The proof of this theorem is left as an exercise for the reader.
... which in turn takes me back to my university days and to the allegory of "Pure Mathematics" and "Applied Mathematics."
Once upon a time, I am told, Applied Mathematics was considered the pinacle of mathematical studies. To receive a degree in Applied Mathematics meant that not only had you mastered the abstract and esoteric theory of Pure Mathematics, but you also transcended it: You knew how to make practical use of it in everyday life--or at least with the physicists.
At some point, the story continues, there was a schism: Pure Math and Applied Math became two different paths. Understanding all there was to know about Pure Math was no longer a gate to Applied Math; rather, at the end of n years of successful pursuit in your studies (for some n in the natural numbers), you would receive your degree certifying your attainment in one path or the other. The two were declared equal in the eyes of The Administration.
As we know from our studies, there is can be no equality without distinction--except perhaps with an identity property wherein something is axiomatically declared to be equal to itself... Anyway, the mathematicians turned on one another. The Pure Mathematicians became the mystics, the alchemists, and the starving artists of mathematics, poo-pooing the unwashed, heathen sell-outs, their brethren Applied Mathematicians. Yes, the Applied Mathematicians new a few tricks and some slight of hand, but they didn't know why or how those tricks worked... They knew some theorems, sure, but they didn't know the proofs! They were idiots and morons, tarnishing the reputation of their art. God save us all if people get the wrong idea about Our Truth!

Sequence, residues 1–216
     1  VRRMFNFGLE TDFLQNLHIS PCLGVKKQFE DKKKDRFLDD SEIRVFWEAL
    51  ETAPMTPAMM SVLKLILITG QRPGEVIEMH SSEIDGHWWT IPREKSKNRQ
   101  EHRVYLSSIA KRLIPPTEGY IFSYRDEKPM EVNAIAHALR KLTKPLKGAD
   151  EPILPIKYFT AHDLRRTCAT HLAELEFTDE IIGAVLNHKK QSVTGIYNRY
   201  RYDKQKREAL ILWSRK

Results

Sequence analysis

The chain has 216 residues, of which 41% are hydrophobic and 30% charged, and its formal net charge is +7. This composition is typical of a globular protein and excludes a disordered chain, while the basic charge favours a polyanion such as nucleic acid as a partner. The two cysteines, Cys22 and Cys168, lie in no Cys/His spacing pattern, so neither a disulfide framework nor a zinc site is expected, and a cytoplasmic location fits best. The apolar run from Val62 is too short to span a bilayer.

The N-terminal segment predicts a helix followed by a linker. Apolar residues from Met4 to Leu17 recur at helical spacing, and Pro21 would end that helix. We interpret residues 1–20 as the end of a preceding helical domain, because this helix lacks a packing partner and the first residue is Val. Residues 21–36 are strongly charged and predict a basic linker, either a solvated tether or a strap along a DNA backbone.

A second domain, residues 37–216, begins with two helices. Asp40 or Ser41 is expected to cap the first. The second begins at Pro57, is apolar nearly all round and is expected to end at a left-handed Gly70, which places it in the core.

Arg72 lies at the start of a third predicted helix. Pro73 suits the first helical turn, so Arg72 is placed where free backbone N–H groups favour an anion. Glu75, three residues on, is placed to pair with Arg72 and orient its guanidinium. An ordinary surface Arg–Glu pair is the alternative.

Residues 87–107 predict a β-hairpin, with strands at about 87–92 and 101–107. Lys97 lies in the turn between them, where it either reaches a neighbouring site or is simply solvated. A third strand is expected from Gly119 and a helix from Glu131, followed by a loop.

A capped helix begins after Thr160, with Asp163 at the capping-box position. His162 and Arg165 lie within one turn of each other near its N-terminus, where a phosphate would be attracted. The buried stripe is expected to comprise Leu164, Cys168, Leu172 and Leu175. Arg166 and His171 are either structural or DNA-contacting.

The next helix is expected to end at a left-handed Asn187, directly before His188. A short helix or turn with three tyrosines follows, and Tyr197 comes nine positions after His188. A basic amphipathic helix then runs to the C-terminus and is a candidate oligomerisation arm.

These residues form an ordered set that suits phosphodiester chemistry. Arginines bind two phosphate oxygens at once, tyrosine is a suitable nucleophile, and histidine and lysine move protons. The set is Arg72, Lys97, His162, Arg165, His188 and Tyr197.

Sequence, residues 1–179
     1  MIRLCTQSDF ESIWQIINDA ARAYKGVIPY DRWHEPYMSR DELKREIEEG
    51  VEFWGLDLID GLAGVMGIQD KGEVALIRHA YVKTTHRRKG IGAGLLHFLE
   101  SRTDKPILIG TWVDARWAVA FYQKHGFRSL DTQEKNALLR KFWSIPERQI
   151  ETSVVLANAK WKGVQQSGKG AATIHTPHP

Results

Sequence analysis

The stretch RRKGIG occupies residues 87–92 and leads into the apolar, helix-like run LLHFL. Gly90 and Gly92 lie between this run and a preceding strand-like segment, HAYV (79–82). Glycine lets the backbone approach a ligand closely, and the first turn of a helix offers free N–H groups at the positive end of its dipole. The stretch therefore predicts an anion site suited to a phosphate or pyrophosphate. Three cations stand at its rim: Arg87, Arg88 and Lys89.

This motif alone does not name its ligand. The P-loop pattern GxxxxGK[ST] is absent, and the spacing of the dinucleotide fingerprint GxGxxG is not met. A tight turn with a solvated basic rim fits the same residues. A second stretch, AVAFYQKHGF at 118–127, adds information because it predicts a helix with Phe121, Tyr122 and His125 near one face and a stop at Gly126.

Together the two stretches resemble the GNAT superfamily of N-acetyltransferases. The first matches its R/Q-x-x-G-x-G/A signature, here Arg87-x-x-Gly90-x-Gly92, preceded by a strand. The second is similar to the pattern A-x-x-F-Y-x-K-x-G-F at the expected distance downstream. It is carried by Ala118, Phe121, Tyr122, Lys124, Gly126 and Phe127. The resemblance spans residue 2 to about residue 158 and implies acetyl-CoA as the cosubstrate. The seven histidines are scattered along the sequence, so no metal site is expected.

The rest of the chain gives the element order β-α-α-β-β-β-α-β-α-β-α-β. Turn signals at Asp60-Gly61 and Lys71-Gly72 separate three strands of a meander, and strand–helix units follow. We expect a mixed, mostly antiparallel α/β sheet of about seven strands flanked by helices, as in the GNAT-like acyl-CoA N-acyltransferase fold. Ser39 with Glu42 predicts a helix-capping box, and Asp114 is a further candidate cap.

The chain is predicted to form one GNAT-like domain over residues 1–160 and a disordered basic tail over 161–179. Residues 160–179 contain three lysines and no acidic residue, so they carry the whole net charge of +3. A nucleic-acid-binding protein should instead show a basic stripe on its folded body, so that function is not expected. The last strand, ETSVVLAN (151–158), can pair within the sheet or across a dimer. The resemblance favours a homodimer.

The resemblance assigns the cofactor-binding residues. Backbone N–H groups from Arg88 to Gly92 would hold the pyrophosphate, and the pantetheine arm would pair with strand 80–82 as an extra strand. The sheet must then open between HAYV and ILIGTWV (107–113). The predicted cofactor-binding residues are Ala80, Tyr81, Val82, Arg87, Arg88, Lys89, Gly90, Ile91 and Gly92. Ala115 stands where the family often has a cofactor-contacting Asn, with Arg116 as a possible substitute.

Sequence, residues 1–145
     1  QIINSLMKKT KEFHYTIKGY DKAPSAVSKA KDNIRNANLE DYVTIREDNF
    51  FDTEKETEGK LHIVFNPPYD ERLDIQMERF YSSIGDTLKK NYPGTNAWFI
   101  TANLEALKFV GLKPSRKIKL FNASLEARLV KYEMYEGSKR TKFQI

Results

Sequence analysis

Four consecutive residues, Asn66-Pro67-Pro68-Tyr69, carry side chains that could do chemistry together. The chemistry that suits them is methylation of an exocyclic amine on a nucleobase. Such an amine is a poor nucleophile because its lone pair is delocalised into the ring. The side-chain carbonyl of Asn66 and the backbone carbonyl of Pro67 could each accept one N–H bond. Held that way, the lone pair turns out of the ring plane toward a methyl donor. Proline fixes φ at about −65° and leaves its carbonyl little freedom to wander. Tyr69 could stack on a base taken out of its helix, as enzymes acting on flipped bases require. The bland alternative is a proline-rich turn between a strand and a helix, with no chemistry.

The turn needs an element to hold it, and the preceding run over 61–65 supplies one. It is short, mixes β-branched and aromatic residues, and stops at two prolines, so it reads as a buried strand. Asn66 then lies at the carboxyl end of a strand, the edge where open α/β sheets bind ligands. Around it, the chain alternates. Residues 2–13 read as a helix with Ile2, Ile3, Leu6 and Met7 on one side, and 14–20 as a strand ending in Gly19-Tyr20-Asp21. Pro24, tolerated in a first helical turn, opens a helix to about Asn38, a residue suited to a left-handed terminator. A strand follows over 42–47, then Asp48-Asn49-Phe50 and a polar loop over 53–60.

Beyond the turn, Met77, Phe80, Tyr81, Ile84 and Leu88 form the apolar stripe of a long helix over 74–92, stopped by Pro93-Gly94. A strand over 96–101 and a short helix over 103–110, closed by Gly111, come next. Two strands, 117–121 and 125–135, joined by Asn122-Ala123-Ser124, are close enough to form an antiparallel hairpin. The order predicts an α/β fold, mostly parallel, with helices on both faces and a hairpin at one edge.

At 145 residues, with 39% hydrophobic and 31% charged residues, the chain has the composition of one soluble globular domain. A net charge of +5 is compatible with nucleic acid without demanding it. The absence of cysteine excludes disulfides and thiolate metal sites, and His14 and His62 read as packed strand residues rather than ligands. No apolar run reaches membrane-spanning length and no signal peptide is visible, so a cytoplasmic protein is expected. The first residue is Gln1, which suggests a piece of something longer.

How did the Morlocks respond to such criticism from the Eloi? Who knows... Really, why even ask? What kind of response could you expect from them anyway, even if they could understand the question at all and hear you from up in their godless penthouses... err, down in their dank caves?
So, what's the point?
Maybe it's enough that when they're graduate students, they both smell the same?
What? It's the truth! It's also that simple. No? Okay, how about this: One day years and years ago, my business card said "Mathematician" and my family was hungry. The sun set on a Friday evening. When the sun rose on the following Monday morning, my business card say "Systems Engineer" and my family was full. I'm not a mathematician in disguise, nor am I a systems engineer pretender. What I was during that weekend in between, though, I do not recall--and I probably wouldn't tell you if I did.
The view from the other shore looks a lot like this one; not even the address on the business card is different. As for me, I don't live in either place, but I'm happy to visit both indefinitely.
Still, it might be time to try on a new business card as there are definitive applications to the theory. Watch for more of the practical aspects of the studies coming into the light with fewer "Zen and Aikido are This but not That" constraints.